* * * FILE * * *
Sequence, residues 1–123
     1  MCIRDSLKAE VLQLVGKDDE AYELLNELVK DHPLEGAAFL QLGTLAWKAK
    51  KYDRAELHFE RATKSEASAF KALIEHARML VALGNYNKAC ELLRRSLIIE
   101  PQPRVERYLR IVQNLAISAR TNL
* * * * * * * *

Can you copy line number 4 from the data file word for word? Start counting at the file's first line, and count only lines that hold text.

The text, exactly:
   101  PQPRVERYLR IVQNLAISAR TNL